De Gaulle had not been told of the landings on 7 November. He was furious when he heard the news the following morning. ‘I hope the Vichy people will fling them into the sea!’ he yelled. ‘You don’t get France by burglary!’ When the implications of the American deal with Darlan later became clear – that Roosevelt had no scruples about using unrepentant Pétainists – it looked as if de Gaulle faced political oblivion. The new regime in North Africa was nicknamed ‘Vichy à l’envers’ – Vichy back-to-front – because Darlan had hardly changed his coat, let alone his views. He still acknowledged Pétain as leader, the Gaullist cross of Lorraine was still outlawed and Jews had to continue wearing the yellow star. But on Christmas Eve 1942 the balance of power in French affairs was fated to change when a young monarchist, Second Lieutenant Fernand Bonnier de la Chapelle, assassinated Admiral Darlan with a .38 Colt automatic issued to him by Colonel Douglas Dodds-Parker of the SOE (the Special Operations Executive).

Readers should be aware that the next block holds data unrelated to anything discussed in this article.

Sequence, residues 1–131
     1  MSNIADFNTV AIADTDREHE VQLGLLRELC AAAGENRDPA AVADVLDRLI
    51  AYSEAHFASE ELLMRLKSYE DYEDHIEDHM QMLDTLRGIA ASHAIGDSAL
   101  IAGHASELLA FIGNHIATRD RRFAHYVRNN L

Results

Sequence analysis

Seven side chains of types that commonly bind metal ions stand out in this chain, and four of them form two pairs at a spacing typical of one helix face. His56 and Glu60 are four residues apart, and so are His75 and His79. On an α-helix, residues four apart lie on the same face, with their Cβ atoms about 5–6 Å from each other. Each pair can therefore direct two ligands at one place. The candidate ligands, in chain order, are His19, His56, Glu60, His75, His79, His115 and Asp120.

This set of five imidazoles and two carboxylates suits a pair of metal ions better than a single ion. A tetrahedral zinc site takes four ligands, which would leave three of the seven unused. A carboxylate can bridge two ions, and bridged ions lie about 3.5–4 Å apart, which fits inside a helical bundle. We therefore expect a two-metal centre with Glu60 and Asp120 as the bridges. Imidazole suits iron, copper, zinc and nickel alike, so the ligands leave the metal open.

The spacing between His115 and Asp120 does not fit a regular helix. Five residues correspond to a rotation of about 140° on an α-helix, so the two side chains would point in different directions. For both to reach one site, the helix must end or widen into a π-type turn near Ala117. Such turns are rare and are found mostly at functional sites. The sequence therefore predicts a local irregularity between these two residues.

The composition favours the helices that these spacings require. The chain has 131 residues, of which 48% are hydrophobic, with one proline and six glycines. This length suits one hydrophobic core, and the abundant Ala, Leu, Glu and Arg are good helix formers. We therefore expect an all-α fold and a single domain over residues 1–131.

The overall organizer of the operation was Henri d’Astier de la Vigerie, brother of Emmanuel, the leader of the Libération Resistance movement. Henri d’Astier, an officer in military intelligence, was part of a royalist group in close touch with the Comte de Paris, the pretender to the throne of France. In fact he was a monarcho-Gaullist, a combination which was less paradoxical then than it might appear. De Gaulle was seen as a regent who might bring about a restoration of the French royal family.